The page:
This would severely hamper his carefully constructed plan to grab a child from the street and take her back to his flat.
He did not know when he would get another chance, and cruising round a South Coast town shortly before 9am on Tuesday, 19 January, he was feeling increasingly desperate.
Then he saw them. Two little girls on their way to school, bags over their shoulders, laughing and joking with the shared complicity of 10- year-olds. The street was narrow and they were walking in the road. Hopkinson stopped the car, jumped out and one of the girls asked him the time.
He grabbed them both and forced them into the boot of the turquoise Vauxhall Corsa, so quickly they didn't even scream. Astonishingly, no one else saw what had happened.
Later that afternoon he carried the children one at a time up to his flat in a large black sports bag. Two weeks earlier, Sussex Police had visited him as they had the previous year, but without evidence all they could do was warn him and say it was inappropriate to entertain young children in his flat.
But as Detective Superintendent Jeremy Paine was telling a packed press conference the following morning that he suspected the girls may have run away, fellow officers in Eastbourne were gathering evidence against Hopkinson and preparing to have him listed on the sex offenders register after a complaint by a child.
But, almost incredibly, officers did not liaise with each other. At that stage no one suspected Hopkinson of abduction. He was outside the five-mile radius in which kidnappers usually operate.
"I was fairly sure when we gave the press conference on the Wednesday morning that they would have been found by the afternoon," Mr Paine said.
By that evening there were more than 300 police searching for them as well as 50 Gurkhas and military police from nearby barracks. As the search was extended, detectives were checking the list of registered sex offenders.
"We had to prioritise and we had 500 houses in the block between the school and their homes," said Mr Paine. There were 100 people with convictions of assault and 36 people on the sex offenders register in the area. They all had to be checked before the search was widened to other towns.
"At that stage abduction was not the strongest theory and there had been a lot of reported sightings," said Mr Paine.
Detective Sergeant Doug Bick, head of Eastbourne child protection unit was at home in Hastings when he finally remembered Hopkinson and the investigation for which they had planned an arrest. DS Bick rang in and suggested they arrest him on the Friday morning.
He and Detective Constable Martin Toft, with three uniformed policemen, went to Hopkinson's flat and Hopkinson said he had to get dressed and asked them to return later. But he eventually let them in. The girls were sitting on a single bed in front of the television in the lounge. There were no handles on their side of the door.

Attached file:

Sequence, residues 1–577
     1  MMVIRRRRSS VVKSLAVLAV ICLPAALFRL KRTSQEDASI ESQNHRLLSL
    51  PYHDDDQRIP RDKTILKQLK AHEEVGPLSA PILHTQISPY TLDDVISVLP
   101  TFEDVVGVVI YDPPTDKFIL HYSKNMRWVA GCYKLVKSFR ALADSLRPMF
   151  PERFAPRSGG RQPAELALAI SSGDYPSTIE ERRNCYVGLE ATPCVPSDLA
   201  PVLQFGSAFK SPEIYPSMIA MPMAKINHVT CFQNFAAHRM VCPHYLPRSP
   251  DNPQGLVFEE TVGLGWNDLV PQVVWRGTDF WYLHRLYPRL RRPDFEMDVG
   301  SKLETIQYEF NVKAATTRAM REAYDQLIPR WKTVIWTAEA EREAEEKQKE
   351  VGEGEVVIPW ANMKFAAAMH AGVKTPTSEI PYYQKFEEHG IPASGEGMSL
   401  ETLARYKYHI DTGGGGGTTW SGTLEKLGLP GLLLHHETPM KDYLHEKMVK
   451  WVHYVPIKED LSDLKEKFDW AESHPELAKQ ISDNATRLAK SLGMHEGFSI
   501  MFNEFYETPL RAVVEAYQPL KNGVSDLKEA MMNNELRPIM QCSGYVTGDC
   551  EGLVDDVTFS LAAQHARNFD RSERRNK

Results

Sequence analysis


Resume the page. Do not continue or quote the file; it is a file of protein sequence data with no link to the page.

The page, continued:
DS Bick said: "His activities were being monitored as best we could but until he commits an offence all we can do is monitor. He is not the only paedophile who has abducted a child and it happened a long way from where he was living. Yes, he did have a previous conviction for abduction but in the absence of any specific intelligence that the children were there we acted as quickly as we could have done."
Mr Paine says his team conducted the investigation correctly. "We were right in what we did. We had to prioritise our search and you have to search a premises properly if you are going to do it at all.
"The lesson we have learnt is that in future we could send out the child protection teams to knock on doors in nearby towns straightaway."
ALAN HOPKINSON was able to operate undetected for so long because of a legal loophole. The 1997 Sex Offenders Act requires anyone convicted of a sexual offence against children to register with the local police and inform them when they move. The act is designed to allow the police both to monitor known paedophiles in their area and - in exceptional cases - to inform local people or organisations of their presence if they believe there is a genuine danger. But the legislation is not retrospective. Only people convicted on or after 1 September 1997 have to register with the police.
In Hopkinson's case dates are largely academic. Although his previous crime involved the kidnapping and imprisonment of a girl aged 11, he was convicted of non-sexual crimes. As a result, although police had their suspicions about him, he was not considered a "child-sex offender".
But after his release from prison, police became concerned when they had several complaints and tip-offs about his contact with young children, Hopkinson was warned in January 1998 that his behaviour was inappropriate.
When that failed to stop him, police and social services carried out another inquiry with the intention of securing a court order under the Crime and Disorder Act, passed at the end of 1998. This would have involved a magistrate issuing an order restraining him from having contact with children. He would have been the first person to have such an order imposed.
As it transpired, Hopkinson struck again while this inquiry was in progress. Police will have to answer whether they believe that, armed with the information they had, they acted quickly enough to prevent such an ordeal for the two little girls.